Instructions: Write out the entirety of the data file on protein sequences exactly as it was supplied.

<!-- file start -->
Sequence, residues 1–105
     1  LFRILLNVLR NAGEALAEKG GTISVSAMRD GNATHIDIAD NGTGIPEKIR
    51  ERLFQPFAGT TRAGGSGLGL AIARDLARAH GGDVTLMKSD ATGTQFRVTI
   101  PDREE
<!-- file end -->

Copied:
Sequence, residues 1–105
     1  LFRILLNVLR NAGEALAEKG GTISVSAMRD GNATHIDIAD NGTGIPEKIR
    51  ERLFQPFAGT TRAGGSGLGL AIARDLARAH GGDVTLMKSD ATGTQFRVTI
   101  PDREE